On the Canadian front, Christine F. Smith, collection development manager at GOBI Library Solutions from EBSCO (formerly YBP Library Services), has been assessing the state of colonialism in publishing when it comes to language and metadata. GOBI partners with academic libraries to enable their selection of scholarly content, and Smith with helping improve GOBI’s practices in order to incorporate issues of Canadian indigenous history. Changes to terminology can happen in several ways: through industry developments, such as changes to Library of Congress Subject Headings; via contemporary societal developments; or as a result of market demand, e.g. feedback from libraries. Smith’s project was driven by societal changes, particularly the national Truth and Reconciliation movement that seeks to address the abuses inflicted on Canada’s indigenous population by the Indian residential school system. Smith distributed a survey to customers, analyzed book list sources, and examined GOBI’s own terms. First, she wanted to find out what term or terms were the most preferred and inclusive when referring to first and traditional ancestral peoples of a given area and discovered that, while people preferred to be referred to by their self-identified term of choice, the term “indigenous” was accepted around the world. In looking at trends in publishing with regards to works about indigenous peoples, Smith found the vast majority to be English or bi/multilingual, with only two percent of titles uniquely in a non-English European language. In addition to these colonial languages, the title list offered texts cowritten in or written about 42 indigenous languages, from Cree and Salishan to Quechua and Pitjantjatjara. The most prolific publishers also dedicated the most time and resources to indigenous content. A strong need still remains, said Smith, for indigenous voices in the publishing universe, with librarians asking for more “locally produced,” “small,” and “tribal” publications. For its part, GOBI can help fulfill collection development needs in this area by being a vocal advocate “for books involving people of color,” and making materials by and about indigenous peoples more accessible. The term “Native Americans” should be replaced with “indigenous peoples” and “indigenous studies.” And atrocities inflicted on indigenous peoples and cultures should be labeled as such.


Lesley Farmer, professor of library media and ICT (information and communication technologies) literacy project manager at California State University, Long Beach, and chair of IFLA’s School Libraries Section, examined best practices for guiding school libraries to meet the SDGs. The IFLA School Library 2015 Guidelines, based on the IFLA/UNESCO School Library Manifesto of 1999, were drawn up to assist school library professionals and educational decision-makers in the context of a changing information environment. Taking into account the resources that school libraries have to work with—not only physical and digital materials, but the legal and financial framework, human resources, and public relations networks—Farmer outlines several ways that the Guidelines can help shape school libraries’ work toward the goals’ missions. The first, she said, was to identify school libraries as key components for lifelong literacy skills, and collaborate with the educational sector to develop supportive policies. School library workers should be trained to help students grow their physical and intellectual access to information, as well as to build collections that reflect school communities’ academic and cultural needs. Finally, school library workers need support to build capacity to provide community-relevant, high-quality school library programs, resources, and services. The Guidelines are currently available in draft form. Working with the International Association of School Librarianship (IASL), IFLA’s School Libraries Section has been holding international training sessions for school library workers that incorporate implementing the Guidelines as well as advocacy training; so far they have been held in Japan, Sweden, Poland, and the United States.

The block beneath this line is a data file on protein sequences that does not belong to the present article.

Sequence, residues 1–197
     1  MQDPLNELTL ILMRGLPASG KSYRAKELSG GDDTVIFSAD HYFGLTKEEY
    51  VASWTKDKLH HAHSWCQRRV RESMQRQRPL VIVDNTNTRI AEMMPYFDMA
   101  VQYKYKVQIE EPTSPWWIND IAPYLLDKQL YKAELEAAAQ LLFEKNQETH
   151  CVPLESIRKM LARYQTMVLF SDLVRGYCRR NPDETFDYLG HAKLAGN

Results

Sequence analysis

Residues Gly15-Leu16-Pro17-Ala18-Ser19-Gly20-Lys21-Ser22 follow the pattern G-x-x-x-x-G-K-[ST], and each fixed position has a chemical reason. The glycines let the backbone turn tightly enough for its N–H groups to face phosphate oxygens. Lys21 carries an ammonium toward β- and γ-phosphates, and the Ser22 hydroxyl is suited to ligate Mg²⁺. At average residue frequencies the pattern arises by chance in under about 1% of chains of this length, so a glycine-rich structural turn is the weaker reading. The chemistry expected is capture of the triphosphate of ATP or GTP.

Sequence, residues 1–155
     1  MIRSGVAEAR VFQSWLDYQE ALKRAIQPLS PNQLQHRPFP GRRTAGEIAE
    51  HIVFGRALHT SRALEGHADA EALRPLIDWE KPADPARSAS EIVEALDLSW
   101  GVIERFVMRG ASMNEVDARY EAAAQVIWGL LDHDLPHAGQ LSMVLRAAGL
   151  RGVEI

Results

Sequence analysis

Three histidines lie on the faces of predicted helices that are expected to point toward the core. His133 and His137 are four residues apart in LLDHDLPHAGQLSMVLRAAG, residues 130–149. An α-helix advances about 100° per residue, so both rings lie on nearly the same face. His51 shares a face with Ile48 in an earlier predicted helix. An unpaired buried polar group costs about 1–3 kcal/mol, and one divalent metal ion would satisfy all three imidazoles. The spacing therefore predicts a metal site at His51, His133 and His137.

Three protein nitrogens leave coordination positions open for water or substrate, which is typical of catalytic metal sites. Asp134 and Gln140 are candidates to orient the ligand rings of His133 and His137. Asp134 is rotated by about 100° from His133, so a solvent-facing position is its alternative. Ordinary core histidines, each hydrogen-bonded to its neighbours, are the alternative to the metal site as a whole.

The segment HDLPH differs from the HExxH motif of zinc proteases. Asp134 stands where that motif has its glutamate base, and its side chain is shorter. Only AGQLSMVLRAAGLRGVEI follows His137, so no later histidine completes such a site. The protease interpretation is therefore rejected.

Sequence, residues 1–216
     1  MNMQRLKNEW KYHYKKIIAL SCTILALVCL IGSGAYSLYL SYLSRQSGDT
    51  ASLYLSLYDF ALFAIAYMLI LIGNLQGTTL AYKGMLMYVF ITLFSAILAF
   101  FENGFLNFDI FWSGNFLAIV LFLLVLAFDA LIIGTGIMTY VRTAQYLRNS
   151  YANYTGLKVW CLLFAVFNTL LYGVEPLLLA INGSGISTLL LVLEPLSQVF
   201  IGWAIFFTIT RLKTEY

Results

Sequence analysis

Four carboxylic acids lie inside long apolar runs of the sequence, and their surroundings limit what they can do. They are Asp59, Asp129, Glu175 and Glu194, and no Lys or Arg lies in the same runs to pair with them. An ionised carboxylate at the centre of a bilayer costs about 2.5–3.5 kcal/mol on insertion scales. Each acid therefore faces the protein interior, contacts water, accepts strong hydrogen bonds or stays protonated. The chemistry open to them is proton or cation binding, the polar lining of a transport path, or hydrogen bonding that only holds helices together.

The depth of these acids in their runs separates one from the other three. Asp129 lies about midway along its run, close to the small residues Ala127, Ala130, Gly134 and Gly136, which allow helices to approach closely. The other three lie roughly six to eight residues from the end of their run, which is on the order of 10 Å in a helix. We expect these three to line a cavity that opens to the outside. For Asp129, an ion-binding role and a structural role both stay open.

The final speaker, Buhle Mbambo-Thata, looked at the intersection of libraries and SDG through a pan-African lens in her presentation, “Transforming Communities Through Libraries: Towards the Africa We Want.” Mbambo-Thata is the resource development director of the African Library and Information Association and Institutions (AfLIA), and has served as governing board member of IFLA and a member of the strategic advisory network of the Global Libraries Program of the Bill & Melinda Gates Foundation. Mbambo-Thata enumerated the aspirations—targeted for 2063—contained in AfLIA’s African Union Agenda (AU2063), which map closely to the 17 SDGs. These, in turn, can be supported by a range of LIS sector activities, including 2014’s Lyon Declaration on Access to Information and Development, the IFLA SDG Tool kit, developed in 2015, IFLA International Advocacy, and the 2015 Cape Town Declaration, signed by ministers and representatives from Angola, Burkina Faso, Cape Verde, Côte d’Ivoire, Lesotho, Guinea, Madagascar, Malawi, Mozambique, Nigeria, South Africa, South Sudan, and Swaziland to address the status of libraries and implementation of access to information. Library initiatives across Africa aptly demonstrate the cross-currents between AfLIA’s work and those of the SDGs. The Tanzania Library Board, for example—targeting SDG #4, Quality Education—has opened areas in every branch dedicated to children and early literacy, as well as instituting after school and adult education programs. In Uganda, the Lira Public Library has addressed SDG #5, Gender Equality, by instituting information and communication technology training for local girls and women. The library offers instruction in typing and email, job searching and filling out applications, writing CVs, establishing networks, and general “self-care.” SGD #2, End Hunger, is addressed through the Urban Agriculture Information program at Uganda’s Kampala Public Library, which offers information for crop farmers and those raising and selling fish and animals. SGD #4, Quality Education, maps to the AU2063 goal #2: “Well educated citizens and [a] skills revolution underpinned by science, technology, and innovation.” The Luderitz Public Library, Namibia, has taken on these educational goals with computer training for youth, and reading and math help for primary school students using books and board games. These goals—for Africa and for the world—may be ambitious. But they can be achieved by starting at the community level, noted Mbambo-Thata, with SDG and AU2063 providing the framework, IFLA and AfLIA providing the tools, and library associations providing local leadership. We can transform our nations, she said—“one library at a time."